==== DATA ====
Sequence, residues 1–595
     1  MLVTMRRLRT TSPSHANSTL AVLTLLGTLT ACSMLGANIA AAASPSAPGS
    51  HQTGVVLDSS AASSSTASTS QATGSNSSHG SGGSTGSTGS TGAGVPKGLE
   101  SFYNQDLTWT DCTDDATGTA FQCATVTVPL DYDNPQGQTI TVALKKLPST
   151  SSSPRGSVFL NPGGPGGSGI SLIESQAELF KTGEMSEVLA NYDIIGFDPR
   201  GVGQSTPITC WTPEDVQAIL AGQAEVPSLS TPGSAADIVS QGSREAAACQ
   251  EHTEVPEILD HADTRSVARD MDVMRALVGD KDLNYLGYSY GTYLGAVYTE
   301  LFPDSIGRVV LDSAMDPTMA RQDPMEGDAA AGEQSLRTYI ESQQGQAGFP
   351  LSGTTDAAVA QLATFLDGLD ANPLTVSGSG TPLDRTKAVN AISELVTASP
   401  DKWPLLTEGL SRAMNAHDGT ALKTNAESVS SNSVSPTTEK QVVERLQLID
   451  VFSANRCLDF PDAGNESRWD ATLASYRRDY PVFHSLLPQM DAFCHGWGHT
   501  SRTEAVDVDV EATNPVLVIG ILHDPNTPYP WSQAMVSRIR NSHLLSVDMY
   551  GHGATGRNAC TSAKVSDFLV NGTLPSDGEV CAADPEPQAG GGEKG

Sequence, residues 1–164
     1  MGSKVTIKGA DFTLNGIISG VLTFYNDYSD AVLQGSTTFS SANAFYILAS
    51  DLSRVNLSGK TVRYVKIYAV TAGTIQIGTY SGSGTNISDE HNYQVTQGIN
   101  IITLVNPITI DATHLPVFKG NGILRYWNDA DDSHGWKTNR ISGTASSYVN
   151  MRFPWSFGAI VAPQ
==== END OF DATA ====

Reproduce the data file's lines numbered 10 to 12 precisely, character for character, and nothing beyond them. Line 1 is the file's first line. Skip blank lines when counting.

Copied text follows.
   401  DKWPLLTEGL SRAMNAHDGT ALKTNAESVS SNSVSPTTEK QVVERLQLID
   451  VFSANRCLDF PDAGNESRWD ATLASYRRDY PVFHSLLPQM DAFCHGWGHT
   501  SRTEAVDVDV EATNPVLVIG ILHDPNTPYP WSQAMVSRIR NSHLLSVDMY